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The use of charities to do the government's bidding has been criticised as a devolved form of government administration that turns the intermediary institutions of civil society into agencies of the state through contracts and financial control. This does not alarm defenders of government partnerships, who argue that cooperation with the state arose from the historic failings of charitable societies. They are inclined to see critics of the contract culture as reactionaries, living in a Victorian dreamland. Clearly, the world has moved on over the last century, but we are in no position to look down on the Victorians. Look around, we owe much of our cultural, medical, and religious infrastructure to their benevolence. The original Church House was built to commemorate the Golden Jubilee of Queen Victoria.

Since the 1980s, a few social critics and a smattering of politicians have argued that government funding and the voluntary ethos are incompatible. In the eyes of such commentators, we are witnessing a further stage in the perfection of the state monolith under the guise of partnership, a process that one charitable director calls a "cultural takeover by stealth". The appetite for state contracts and grants has grown to the point where the question is now being asked how institutions paid for out of compulsory taxation, which would not exist without state subsidies, can be called voluntary. As most of us will agree, charitable independence is a slippery concept, which has received several tortuous analyses in recent years. The next time it is under examination I would suggest the employment of a language philosopher rather than a team of lawyers.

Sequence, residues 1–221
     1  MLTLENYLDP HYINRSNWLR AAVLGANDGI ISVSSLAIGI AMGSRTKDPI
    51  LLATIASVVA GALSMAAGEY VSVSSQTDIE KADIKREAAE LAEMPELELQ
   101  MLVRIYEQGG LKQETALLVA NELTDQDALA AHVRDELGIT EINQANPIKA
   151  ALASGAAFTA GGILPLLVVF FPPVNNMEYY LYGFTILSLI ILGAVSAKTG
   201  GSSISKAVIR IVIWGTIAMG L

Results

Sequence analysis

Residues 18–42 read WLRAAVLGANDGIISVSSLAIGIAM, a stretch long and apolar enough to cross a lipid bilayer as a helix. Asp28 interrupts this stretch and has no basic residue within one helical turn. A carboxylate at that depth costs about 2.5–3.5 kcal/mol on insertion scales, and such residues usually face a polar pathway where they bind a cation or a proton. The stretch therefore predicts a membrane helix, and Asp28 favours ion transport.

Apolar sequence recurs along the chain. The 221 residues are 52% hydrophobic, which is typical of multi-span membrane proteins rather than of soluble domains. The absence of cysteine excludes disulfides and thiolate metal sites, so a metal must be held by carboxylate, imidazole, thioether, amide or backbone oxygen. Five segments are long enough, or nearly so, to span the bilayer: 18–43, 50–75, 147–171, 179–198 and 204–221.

In contemporary Britain, charitable officials often come from a background in government service and wish to distance themselves from the hierarchies and pieties of the charitable past. For them, partnerships are what enlivens the voluntary sector and makes their labours possible. The agreement titled "Getting it right together", which was signed in 1998, provided a framework for cooperation between central government and voluntary organisations. It recognised the diversity of volunteering and sought greater recognition for volunteers. But the agreement skirted the issue of independence, preferring to emphasise that volunteering was open to everyone. 

The government's recognition and promotion of volunteering has much to recommend it. And while few doubt that the work done by state charities is valuable, the nagging issue of their independence will not go away. There is bound to be a cost to autonomy, personal ministration and civic democracy when charities become enmeshed in government regulation and what overseers call "service delivery". Complex contracting arrangements, have created, as the National Council for Voluntary Organisations (NCVO) observes, bureaucratic "pitfalls". Who is the volunteer working for in this compact? Those charities that work closely with the local or central government are more likely to shape their priorities to suit available grants, to create their own bureaucracies, to distance charitable campaigners from beneficiaries, and to play down religion. As they become larger, they take on the character of government departments.

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Malcolm McLean
November 11th, 2014
2:11 AM
Running a charity is a good middle class route to influence and government funds. There's usually an element of sincere motive, but pretty soon a grant or partnership comes along. That's so important to the charity that retaining this relationship becomes the overriding priority. People running the charity also benefit personally, if not by direct financial compensation, then indirectly by being asked to help formulate government policy, which is flattering, and tends to turn into financial benefit.

Malcolm McLean
November 11th, 2014
2:11 AM
Running a charity is a good middle class route to influence and government funds. There's usually an element of sincere motive, but pretty soon a grant or partnership comes along. That's so important to the charity that retaining this relationship becomes the overriding priority. People running the charity also benefit personally, if not by direct financial compensation, then indirectly by being asked to help formulate government policy, which is flattering, and tends to turn into financial benefit.

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